Just in time for Christmas gift season, the University of North Carolina Press offers up a handy coffee table book of Tar Heel images with terrific text.
Bland Simpson has enjoyed a protean career. The longtime keyboard player for North Carolina roots music band The Red Clay Ramblers, he’s co-written Broadway and Off-Broadway revues including “Diamond Studs,” “Kudzy” and “King Mackerel and the Blues are Running.”
In between, he’s written a shelf of books, including history (“Two Captains from Carolina,” “Ghost Ship of Diamond Shoals”), historical novels (“The Mystery of Beautiful Nell Cropsey”), and long, meditative essays and travelogues to the North Carolina coast and marshlands (“The Inner Islands,” “Into the Sound Country,” “Little Rivers and Waterway Tales”).
For his latest book, “Land of Water, Land of Sky,” Simpson goes farther afield. Along with stops on the Outer Banks and the barrier islands, he ventures into North Carolina’s coasts and mountains, focusing on the natural wonders.
It’s a delightful trip. Simpson, a Kenan professor of English at UNC-Chapel Hill, was clearly raised on a diet of Thomas Wolfe and Stephen Vincent Benet, and his prose tends to channel both those worthies.
And he has good company. “Land of Water, Land of Sky” is extravagantly illustrated by images from three of the state’s foremost photographers, including Tom Earnhardt (host of PBS’s long-running “Exploring North Carolina” series), Scott Taylor and Simpson’s wife, Ann Cary Simpson.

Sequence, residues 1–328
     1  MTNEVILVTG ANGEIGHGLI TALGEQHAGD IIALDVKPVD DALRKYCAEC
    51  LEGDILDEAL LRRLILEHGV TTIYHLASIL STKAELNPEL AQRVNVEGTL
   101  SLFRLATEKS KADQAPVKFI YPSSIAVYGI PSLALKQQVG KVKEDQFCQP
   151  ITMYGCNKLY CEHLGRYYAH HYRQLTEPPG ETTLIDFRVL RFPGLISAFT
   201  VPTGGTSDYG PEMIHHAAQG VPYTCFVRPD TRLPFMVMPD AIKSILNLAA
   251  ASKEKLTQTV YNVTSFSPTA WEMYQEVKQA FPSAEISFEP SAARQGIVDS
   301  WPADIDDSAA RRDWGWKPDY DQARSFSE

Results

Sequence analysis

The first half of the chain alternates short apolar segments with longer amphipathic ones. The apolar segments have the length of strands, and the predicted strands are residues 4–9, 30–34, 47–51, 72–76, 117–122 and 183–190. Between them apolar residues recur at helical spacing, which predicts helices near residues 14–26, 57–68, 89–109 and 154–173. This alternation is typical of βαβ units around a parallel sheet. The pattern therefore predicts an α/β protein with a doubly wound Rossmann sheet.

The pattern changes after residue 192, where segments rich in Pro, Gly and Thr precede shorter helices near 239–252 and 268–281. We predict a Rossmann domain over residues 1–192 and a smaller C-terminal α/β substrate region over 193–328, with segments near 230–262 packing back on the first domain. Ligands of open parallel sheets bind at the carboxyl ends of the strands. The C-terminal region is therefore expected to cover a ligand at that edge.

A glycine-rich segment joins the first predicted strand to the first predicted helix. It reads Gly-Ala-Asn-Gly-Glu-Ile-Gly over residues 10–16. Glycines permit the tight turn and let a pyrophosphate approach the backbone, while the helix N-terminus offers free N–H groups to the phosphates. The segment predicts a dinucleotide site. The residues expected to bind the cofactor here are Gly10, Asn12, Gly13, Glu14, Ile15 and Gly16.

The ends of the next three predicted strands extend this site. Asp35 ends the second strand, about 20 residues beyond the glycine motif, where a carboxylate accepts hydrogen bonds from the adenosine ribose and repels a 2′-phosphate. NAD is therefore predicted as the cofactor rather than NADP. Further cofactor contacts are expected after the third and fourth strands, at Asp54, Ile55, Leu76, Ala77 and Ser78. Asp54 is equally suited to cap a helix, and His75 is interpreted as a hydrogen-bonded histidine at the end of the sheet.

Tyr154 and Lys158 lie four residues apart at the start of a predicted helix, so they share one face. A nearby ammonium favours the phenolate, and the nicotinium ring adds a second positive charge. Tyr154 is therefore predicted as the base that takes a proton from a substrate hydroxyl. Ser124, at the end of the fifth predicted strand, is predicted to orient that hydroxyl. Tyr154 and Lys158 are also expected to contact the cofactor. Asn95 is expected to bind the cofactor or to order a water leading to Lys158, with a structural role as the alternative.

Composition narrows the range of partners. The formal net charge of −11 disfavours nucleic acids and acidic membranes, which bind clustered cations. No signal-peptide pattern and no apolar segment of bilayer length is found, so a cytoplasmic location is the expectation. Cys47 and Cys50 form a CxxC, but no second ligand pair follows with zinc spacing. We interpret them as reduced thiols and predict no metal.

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Simpson’s description of Wilmington is brief, with a reference to the horrors of 1898, but there’s a long, bemused account of the heyday of marijuana smuggling on the Lower Cape Fear in the 1980s. Who remembers the Sea Crust, the Bahamanian freighter seized and anchored at Wrightsville Beach with a cargo of pot? So large a cargo (according to old-timers) that when Wrightsville Beach police tried to burn it, the load blew the lid off the incinerator and denizens of the Wit’s End, a long-since-closed local dive bar, rushed out to grab the remains.
At Southport, Simpson mourns the passing of the old cedar at the Whittler’s Bench on the waterfront (though he does enjoy a lunch at the Provision Company). A trip to Lake Waccamaw inspires a reminiscence of A.R. “Archie” Ammons, Columbus County’s poetic genius.
There are clouds on the horizon. Water levels are rising and alligators are venturing farther north as temperatures rise. Still, as Simpson notes, North Carolina remains a great place to visit, and you might love to live here.
Ben Steelman can be reached at 910-616-1788 or firstname.lastname@example.org.
‘NORTH CAROLINA: Land of Water, Land of Sky
By Bland Simpson
University of North Carolina Press, $37
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